- the layers of the CDN needed to connect and so on to the origin
- the actual think-time is 94ms
- the extra time is in the TCP overhead, not on server think time.
- if we had a cache-hit none of this extra tax would be applied
Our lesson learned: Once again, caching is important – see #2 in Souder’s web performance rules. A cache miss can cause the user to wait because of the TCP handshakes over the wire. All the more reason we need to maximize our use of CDNs.
let LUX = window.LUX; //find the hero image in the browser’s server timing let heroImg = window.performance.getEntriesByName(‘personalized-hero’).serverTiming; // test for the cache hit let cacheHit = /cache~’hit/.test(heroImg[heroImg.length - 1].description); // add the value to the lux data LUX.addData('personalized-hero', cacheHit ? 1 : 0);
From there, you can easily graph the results from real-world impact for your users. Exciting!
As with anything “new” there are many reasons why not to adopt or support it. Below is a list of the objections we’ve quickly contemplated along with our current perspective:
Our dev team – We will expose our technical debt and we don’t know what skeletons might be in the closet!
Yup. We expect a few embarrassments. No company is perfect, and no technology is without technical debt. Yet, this will help us focus on what is important to our customers and help raise the bar in the quality of service we deliver.
Our product team – Won’t this put us out of business? Won’t we reveal too much and customers will build it themselves?
Maybe. But unlikely. Ideas are free and abundant. If the service we provide can be put out of business by being transparent with our performance, then we are not delivering enough value to our customers.
As a customer, won’t this slow down the download for my users with these extra headers?
This is a concern that we share and why we want to act prudently. In reality, the extra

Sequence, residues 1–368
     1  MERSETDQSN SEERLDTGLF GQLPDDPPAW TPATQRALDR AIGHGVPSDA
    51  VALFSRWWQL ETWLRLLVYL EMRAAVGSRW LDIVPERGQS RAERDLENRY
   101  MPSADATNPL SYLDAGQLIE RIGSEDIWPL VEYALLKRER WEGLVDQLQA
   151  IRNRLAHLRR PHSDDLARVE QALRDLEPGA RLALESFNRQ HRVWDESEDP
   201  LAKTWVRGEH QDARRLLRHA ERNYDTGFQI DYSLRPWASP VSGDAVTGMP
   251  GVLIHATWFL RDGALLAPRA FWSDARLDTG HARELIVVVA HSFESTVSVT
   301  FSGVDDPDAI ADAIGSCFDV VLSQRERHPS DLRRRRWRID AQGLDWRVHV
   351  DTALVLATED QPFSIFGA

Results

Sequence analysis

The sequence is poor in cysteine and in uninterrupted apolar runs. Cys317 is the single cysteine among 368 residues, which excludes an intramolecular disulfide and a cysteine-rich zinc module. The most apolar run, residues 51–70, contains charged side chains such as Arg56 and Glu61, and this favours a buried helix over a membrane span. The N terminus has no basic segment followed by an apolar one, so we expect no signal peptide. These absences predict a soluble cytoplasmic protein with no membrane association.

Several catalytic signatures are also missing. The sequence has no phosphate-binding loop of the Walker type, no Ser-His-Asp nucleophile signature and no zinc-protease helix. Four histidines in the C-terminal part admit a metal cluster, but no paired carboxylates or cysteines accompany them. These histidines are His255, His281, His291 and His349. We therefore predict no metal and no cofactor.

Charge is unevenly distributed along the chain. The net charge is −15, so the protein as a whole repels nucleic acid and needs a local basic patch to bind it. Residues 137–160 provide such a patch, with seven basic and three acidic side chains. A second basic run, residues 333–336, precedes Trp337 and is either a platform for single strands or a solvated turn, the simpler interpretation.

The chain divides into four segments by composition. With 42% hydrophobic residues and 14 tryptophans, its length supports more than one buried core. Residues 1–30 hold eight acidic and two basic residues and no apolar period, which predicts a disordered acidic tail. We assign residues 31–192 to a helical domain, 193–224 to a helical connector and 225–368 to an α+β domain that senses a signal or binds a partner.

Server-Timingheaders will amount to ~100 Bytes. On a typical image that is 24KiB, this is a 0.4% increase. This will not increase the number of packets sent to the user since many packets are ‘half-empty’ anyway. This is something we will be observing and will report back in the near future before we turn this on by default.
We have many things planned. We want to expose more details, make this more relevant for you, and help drive insight to your business.
First we need to find the balance between what is germane and actionable, in contrast to what is simply ‘interesting’. We will make more announcements of the details we are sharing in the near future. If you have opinions and thoughts, we’d love to hear them.
More importantly, we have some great ideas about how to use
Server-Timing to improve your business. Really exciting ideas in fact. Stay tuned!
The spec is still evolving. You’ll notice that we are using a few non-standard fields like total and start. As well we are “using” the
desc field to provide custom details. We will make changes as the spec evolves.
As mentioned previously, this is the beginning. We are committed to providing you more transparency and insight to our services. If you have opinions, ideas, or concerns we would love to hear them. How can we provide you more details to help your business? To help your operations teams? To help your marketing teams? We want to hear from you! Please leave your thoughts in the comment section below.
In the next instalment we will explore
Server-Timing in more detail and some of the exciting use cases we are pursuing.